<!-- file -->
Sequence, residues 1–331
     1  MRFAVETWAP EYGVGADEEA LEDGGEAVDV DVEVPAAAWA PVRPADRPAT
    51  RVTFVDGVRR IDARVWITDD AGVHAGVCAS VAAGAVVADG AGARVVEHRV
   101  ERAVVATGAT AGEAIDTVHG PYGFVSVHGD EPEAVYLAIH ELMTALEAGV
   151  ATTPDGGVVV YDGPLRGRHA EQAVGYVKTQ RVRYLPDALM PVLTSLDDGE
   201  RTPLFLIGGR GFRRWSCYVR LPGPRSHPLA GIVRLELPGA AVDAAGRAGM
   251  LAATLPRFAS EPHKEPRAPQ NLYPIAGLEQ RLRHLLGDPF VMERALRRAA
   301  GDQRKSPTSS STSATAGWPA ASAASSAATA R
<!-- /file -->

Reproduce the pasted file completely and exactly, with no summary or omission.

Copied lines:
Sequence, residues 1–331
     1  MRFAVETWAP EYGVGADEEA LEDGGEAVDV DVEVPAAAWA PVRPADRPAT
    51  RVTFVDGVRR IDARVWITDD AGVHAGVCAS VAAGAVVADG AGARVVEHRV
   101  ERAVVATGAT AGEAIDTVHG PYGFVSVHGD EPEAVYLAIH ELMTALEAGV
   151  ATTPDGGVVV YDGPLRGRHA EQAVGYVKTQ RVRYLPDALM PVLTSLDDGE
   201  RTPLFLIGGR GFRRWSCYVR LPGPRSHPLA GIVRLELPGA AVDAAGRAGM
   251  LAATLPRFAS EPHKEPRAPQ NLYPIAGLEQ RLRHLLGDPF VMERALRRAA
   301  GDQRKSPTSS STSATAGWPA ASAASSAATA R